The legging problem—that’s the title of a recent letter to the editor published in the University of Notre Dame’s student newspaper The Observer. That’s right, a concerned mother thinks young women at the university are causing a major problem with their choice of attire.
The woman, Maryann White, says she’s not trying to “insult anyone or infringe upon anyone’s rights” but that she’s simply “a Catholic mother of four sons with a problem that only girls can solve: leggings.” That’s right, ladies—your choice of pants is a problem for all the boys of the world, in her opinion.
“I was at Mass at the Basilica with my family,” she writes. “In front of us was a group of young women, all wearing very snug-fitting leggings and all wearing short-waisted tops (so that the lower body was uncovered except for the leggings). Some of them truly looked as though the leggings had been painted on them.”
“A world in which women continue to be depicted as ‘babes’ by movies, video games, music videos, etc. makes it hard on Catholic mothers to teach their sons that women are someone’s daughters and sisters,” she continued. “That women should be viewed first as people—and all people should be considered with respect.”
Instead, she says she doesn’t understand why women would choose to wear a garment that exposes “their nether regions” and that she was “ashamed” for the women she saw wearing them to Mass. “I thought of all the other men around and behind us who couldn’t help but see their behinds. My sons know better than to ogle a woman’s body — certainly when I’m around (and hopefully, also when I’m not),” she explained. “They didn’t stare, and they didn’t comment afterwards. But you couldn’t help but see those blackly naked rear ends. I didn’t want to see them—but they were unavoidable. How much more difficult for young guys to ignore them.” White then makes the leap to comparing the wearing of leggings to nakedness that she wants to “throw a blanket over” in hopes of protecting the poor boys who won’t be able to help themselves.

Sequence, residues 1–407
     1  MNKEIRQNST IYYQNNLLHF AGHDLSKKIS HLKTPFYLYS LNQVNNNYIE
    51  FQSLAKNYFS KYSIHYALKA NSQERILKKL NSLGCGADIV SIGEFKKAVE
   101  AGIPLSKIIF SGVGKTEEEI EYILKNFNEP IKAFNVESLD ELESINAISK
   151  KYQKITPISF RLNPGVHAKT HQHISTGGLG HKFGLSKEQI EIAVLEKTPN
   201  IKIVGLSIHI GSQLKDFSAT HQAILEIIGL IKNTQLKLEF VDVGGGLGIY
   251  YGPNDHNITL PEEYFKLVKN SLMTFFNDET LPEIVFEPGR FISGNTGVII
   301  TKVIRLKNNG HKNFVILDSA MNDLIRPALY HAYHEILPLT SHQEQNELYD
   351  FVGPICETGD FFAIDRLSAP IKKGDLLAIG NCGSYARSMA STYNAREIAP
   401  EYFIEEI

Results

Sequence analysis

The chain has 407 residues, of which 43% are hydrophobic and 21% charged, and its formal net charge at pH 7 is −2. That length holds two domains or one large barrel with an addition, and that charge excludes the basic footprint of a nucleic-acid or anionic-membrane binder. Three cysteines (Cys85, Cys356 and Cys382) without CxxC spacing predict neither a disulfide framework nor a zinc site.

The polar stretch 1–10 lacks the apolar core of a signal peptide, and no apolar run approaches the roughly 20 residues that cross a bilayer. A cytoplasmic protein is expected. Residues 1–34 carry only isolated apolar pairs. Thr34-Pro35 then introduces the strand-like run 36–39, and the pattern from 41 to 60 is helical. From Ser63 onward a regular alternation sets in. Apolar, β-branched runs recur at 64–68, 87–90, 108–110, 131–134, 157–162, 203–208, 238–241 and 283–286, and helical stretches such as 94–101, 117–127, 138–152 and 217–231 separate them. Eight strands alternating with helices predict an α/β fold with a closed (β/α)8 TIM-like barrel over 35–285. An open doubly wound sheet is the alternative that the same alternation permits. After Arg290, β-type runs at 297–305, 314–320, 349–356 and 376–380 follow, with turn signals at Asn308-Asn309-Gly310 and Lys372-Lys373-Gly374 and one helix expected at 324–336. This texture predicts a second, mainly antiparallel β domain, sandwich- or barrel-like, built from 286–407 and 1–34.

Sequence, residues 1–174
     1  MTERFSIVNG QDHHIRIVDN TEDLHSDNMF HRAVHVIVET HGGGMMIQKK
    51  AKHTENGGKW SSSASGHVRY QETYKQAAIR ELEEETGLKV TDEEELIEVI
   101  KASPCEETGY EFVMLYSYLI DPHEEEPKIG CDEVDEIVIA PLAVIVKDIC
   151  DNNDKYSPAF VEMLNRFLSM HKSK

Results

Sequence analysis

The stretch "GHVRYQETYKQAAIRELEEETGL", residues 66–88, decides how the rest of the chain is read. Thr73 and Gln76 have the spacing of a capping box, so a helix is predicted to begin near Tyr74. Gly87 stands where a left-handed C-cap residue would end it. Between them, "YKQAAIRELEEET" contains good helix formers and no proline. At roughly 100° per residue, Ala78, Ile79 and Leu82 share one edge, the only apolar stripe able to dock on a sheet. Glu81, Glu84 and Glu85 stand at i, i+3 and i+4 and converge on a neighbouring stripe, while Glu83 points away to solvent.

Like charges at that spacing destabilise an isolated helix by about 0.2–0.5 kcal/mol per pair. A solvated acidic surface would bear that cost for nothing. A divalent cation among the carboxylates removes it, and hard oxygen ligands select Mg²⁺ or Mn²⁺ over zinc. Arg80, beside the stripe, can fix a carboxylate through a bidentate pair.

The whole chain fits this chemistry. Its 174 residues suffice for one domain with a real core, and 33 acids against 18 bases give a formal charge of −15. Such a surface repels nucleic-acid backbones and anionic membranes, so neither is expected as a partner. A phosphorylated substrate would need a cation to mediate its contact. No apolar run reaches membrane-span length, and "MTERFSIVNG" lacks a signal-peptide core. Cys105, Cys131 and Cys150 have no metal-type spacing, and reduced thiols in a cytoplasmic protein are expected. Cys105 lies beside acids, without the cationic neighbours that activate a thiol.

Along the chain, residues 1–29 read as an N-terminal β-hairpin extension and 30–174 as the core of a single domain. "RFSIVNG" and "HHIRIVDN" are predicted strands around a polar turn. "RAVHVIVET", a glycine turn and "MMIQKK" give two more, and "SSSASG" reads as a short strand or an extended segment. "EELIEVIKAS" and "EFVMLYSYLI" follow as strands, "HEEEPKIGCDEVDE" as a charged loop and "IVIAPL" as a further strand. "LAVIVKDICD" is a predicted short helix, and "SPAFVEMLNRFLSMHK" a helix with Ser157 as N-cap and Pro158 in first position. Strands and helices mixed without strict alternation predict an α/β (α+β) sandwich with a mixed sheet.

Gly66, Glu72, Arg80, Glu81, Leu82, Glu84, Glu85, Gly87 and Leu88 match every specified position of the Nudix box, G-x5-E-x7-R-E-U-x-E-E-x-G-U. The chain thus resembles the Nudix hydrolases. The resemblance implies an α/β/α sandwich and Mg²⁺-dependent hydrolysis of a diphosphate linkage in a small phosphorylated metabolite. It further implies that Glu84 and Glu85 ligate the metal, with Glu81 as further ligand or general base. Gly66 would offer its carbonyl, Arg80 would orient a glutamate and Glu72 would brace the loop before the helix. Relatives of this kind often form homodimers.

Oh man, that’s a lot to unpack. But let me, an avid legging-as-pants wearer, say that my choice of clothing should in no way—ever—affect whether or not another person can keep themselves from respecting me and my personal boundaries. That’s true for every woman whether she’s wearing a skirt somebody deems too short, her favorite pair of leggings, or skintight jeans. It’s low-key victim blaming and my comfy pants and I want no part of it. Debating what is and is not appropriate for women to wear is certainly nothing new—but it is exhausting and, frankly, annoying considering it’s 2019.
Many female students at Notre Dame agreed.
The Washington Post reports that more than 1000 students had plans to participate in a protest by wearing leggings to class this week. “Participating in #LeggingsDayND with @Irish4RepHealth and thousands of other ND community members in defiance of those who feel entitled to police womxn’s appearance & shift the blame for impropriety,” grad student Kate Bermingham wrote on Twitter.
Another woman at the university wrote about the protests on Facebook announcing Leggings Pride Day: “Hello legging lovers of the Notre Dame Community! Don’t leave your leggings behind(s) tomorrow and join in our legging wearing hedonism! (Or not because what you wear is completely your own choice!) Love your leggings, love your body, love yourself!”
The students then showed off their leggings on social media.
Others off-campus also showed their support.
Turns out many of the male students White is so worried about are a little more evolved, and also thought White’s letter was problematic. “I was raised to respect women no matter what they are wearing. So, I think women should be able to wear leggings if they want to,” one student told The Observer. “In my opinion, I would never tell someone else how they can or cannot dress, because that is a personal choice, and it doesn’t affect me,” another said. “So, why should I tell other people what to do?”
It’s not clear exactly how many students participated in the protests, but I think the organizers made their point—and started a real conversation on campus about how people try to police and judge women’s bodies and choices. Maryann White is probably horrified. I’m just proud.